Saturday, March 28, 2009

Testing Live Streaming of the Radio Show; What do you think?

We're testing and might be rolling this out soon. Is this something you think would be interesting? Please respond and let me know.

Tuesday, March 24, 2009

Don't let the Economy Dictate Your Finances

Yes, the economy is changing. Should you be alarmed? Yes and no. If you are reading this and over fifty or sixty years old, you may be seeing your portfolio taking a nose dive to somewhere south of the equator. If that does not scare you I don’t know what will.

Even if you are only thirty or forty years old, a sudden drop in your retirement funds can make the sweat pop up around your eyes. What is a seasoned or new investor to do? The answer: not much.

I for one do not want to live day-to-day with changing rules. I’d be restless all the time and stressed out. The good news is that I have never bought into the world’s economy and I never will. The only economy I invest in is God’s economy, and thankfully, it stays very consistent. 

The rules today are the same as the rules yesterday. Wouldn’t it allow you sleep better at night if you knew that no matter what news was announced in Washington yesterday, the rules of investing and handling your money never changed?

They never change for my family. No matter what happens in the world’s economy the same rules still apply. Getting out of debt and staying debt-free is always a good idea; in a good economy or bad. Investing for the long-term is always a good idea as well.

Never let a few people who did not apply common sense principles to their business practices determine your course of action.

Friday, March 20, 2009

Your Life, 2.0

The world is changing at breakneck speed. If you have not noticed, now is the time to open your eyes to the blazing changes going on all around you. Most of us are walking around with more memory in our pockets today than was used to put the first man on the moon. While you may feel stuck in the same place, it is even more likely that you have actually been going backwards.

To keep up you have to invest in continual learning. Want to find that perfect job? After finding out how God made you, you have to invest in a number of tactics to land that dream career. Gone are the days when you can answer a newspaper ad or ask a friend.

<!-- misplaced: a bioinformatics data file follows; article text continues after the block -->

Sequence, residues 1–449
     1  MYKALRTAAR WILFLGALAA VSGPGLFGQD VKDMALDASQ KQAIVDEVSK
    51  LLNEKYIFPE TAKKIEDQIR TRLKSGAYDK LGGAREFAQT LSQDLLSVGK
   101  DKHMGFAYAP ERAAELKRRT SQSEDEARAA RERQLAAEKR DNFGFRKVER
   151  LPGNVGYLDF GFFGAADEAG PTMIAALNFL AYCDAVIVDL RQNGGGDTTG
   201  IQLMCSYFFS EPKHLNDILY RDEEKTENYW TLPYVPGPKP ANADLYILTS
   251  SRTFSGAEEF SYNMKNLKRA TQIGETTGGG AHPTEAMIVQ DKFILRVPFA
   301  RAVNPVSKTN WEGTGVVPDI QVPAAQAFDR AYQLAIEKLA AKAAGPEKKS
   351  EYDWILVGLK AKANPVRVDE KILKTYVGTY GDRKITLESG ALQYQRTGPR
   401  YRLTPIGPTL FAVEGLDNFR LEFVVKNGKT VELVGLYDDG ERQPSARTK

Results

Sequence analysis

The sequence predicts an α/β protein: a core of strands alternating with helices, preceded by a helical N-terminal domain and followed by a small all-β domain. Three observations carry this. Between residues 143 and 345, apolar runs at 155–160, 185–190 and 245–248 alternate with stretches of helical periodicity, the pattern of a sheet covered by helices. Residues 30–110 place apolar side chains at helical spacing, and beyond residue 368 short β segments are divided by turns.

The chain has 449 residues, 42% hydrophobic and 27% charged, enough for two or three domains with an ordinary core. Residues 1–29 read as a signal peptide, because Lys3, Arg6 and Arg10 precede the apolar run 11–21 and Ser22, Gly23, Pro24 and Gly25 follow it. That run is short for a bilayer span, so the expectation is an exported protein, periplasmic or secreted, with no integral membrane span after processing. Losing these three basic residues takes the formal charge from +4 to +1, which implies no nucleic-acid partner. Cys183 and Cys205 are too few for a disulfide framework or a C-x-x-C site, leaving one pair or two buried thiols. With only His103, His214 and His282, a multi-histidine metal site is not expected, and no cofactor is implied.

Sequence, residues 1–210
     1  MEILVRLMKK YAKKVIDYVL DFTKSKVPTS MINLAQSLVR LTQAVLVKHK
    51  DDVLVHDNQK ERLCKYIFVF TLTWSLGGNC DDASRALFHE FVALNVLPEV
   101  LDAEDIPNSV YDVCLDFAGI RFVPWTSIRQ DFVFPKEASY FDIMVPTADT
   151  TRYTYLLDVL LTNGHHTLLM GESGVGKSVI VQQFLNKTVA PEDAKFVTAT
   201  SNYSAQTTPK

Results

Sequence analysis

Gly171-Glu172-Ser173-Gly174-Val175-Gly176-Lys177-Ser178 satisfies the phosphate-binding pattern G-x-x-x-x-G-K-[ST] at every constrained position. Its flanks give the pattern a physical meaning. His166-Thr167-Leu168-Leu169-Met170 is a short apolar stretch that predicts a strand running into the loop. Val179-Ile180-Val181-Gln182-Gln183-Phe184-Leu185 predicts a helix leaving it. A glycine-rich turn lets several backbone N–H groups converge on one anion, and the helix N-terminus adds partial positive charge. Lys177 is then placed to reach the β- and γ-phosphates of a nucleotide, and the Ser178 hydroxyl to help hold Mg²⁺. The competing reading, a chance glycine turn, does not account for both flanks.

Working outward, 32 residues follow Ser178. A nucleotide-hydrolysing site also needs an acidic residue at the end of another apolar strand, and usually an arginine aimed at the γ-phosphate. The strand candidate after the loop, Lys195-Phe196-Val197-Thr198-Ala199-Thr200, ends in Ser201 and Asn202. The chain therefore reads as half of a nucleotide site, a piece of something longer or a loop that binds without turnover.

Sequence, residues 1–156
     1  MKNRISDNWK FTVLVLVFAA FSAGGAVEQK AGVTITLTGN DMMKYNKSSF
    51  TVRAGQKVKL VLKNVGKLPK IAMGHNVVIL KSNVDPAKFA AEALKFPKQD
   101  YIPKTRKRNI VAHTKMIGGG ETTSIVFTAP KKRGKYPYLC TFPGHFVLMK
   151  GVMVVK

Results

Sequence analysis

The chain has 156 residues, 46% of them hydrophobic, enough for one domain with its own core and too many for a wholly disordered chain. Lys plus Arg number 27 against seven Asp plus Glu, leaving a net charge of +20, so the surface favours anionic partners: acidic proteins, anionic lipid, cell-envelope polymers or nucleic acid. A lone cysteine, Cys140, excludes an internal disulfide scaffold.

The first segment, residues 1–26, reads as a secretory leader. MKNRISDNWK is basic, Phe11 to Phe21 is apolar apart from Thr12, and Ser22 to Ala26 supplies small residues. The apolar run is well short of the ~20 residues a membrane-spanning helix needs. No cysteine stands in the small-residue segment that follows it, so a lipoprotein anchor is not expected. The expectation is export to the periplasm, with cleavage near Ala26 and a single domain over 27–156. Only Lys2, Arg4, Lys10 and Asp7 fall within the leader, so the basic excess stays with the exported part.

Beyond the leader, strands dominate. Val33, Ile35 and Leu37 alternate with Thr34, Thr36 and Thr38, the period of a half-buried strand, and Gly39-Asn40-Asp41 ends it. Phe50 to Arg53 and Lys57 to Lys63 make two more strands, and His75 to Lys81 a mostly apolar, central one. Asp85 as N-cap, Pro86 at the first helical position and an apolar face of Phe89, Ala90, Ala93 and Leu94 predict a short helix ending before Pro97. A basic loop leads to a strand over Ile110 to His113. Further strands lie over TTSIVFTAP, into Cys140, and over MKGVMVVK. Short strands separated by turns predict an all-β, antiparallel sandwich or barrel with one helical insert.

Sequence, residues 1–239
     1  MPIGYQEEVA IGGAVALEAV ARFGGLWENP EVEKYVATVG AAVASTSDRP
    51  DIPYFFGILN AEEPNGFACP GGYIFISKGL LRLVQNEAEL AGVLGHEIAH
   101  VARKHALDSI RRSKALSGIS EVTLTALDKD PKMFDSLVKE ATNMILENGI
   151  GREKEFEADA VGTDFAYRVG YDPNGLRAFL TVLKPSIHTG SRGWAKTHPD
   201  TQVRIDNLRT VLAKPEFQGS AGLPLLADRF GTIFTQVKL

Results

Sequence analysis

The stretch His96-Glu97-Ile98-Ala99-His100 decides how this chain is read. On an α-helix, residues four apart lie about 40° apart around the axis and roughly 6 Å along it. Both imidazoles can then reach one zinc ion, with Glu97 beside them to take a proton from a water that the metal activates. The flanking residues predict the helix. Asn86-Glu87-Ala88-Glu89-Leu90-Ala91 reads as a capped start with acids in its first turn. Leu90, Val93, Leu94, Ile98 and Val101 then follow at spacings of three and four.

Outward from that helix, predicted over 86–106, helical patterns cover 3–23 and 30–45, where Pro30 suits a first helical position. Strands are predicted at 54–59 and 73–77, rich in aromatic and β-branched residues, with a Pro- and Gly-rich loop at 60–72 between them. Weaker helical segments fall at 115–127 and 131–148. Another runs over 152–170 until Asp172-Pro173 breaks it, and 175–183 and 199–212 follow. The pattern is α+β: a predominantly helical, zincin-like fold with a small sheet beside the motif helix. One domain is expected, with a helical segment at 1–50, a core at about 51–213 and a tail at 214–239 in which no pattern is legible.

Firstly, if you do not own the number one spot on google when you search your name, you have to do something about it. Nearly every employer does a background check on you. If you sleazy MySpace page comes to the top, you must do something about it.

Purchase the domain name for your name and set up a free website. You will pay a few bucks per year but you have the final say as to what employers and other think about you.

Another free option is to set up a LinkedIn account. Last night I was able to connect with hundreds of the best minds in Raleigh, NC because of LinkedIn. Establish your profile and keep others in touch with what you are doing on a regular basis.

Facebook is a popular application for fun as well as business. Create your profile, link to your website and blog and present something that prospective employers and those wishing to do business with you see as pleasing and worth while. A buying decision, and deciding to hire you for a position is a buying decision, comes down to an emotional and personal connection. I would hire a qualified friend before someone else that is qualified and yet unknown to me.

A blog will keep you in the forefront of your customer’s minds (top-of-mind positioning) if you are in business. An updated blog will also help you stay at the top of the search engines. Did I mention this option is also free?

Twitter is an application for a new generation. Use it to stay in front of your prime audience. If you have an interesting life or do something that your crowd wants to follow, use twitter to stay up-to-date.

If all of this is overwhelming, I agree. It can be very overwhelming, but the decision is not up to you. It is up to your clients and prospective employers. Even if you do not plan to need any of these services in place for a long time, begin now. The longer you have a website in place, the higher it will show in search listings.

Here is the thing with any of these options. If you are going to use them, you must use them well. Keep your profile updated. Your blog should not have a most recent entry of December, 2007.

Do it well or not at all.

Wednesday, March 18, 2009

My Life Insurance is Killing Me!

Have you ever purchased a life insurance policy? Did you squirm as much as I did when you were filling out the paperwork? Life insurance – like estate planning – forces us to confront our own mortality.

From a sales pitch perspective, life insurance can be a veritable minefield. Imagine a smooth dude in a snappy suit ushering forth a slick line like, “what will your family do if something unexpected happens to you?” Or, “you don’t really want your wife and children to wonder how they’ll make ends meet, do you?” Talk like that can make your skin crawl! Of course we don’t want our families to wonder where their next meal is coming from after we’re gone!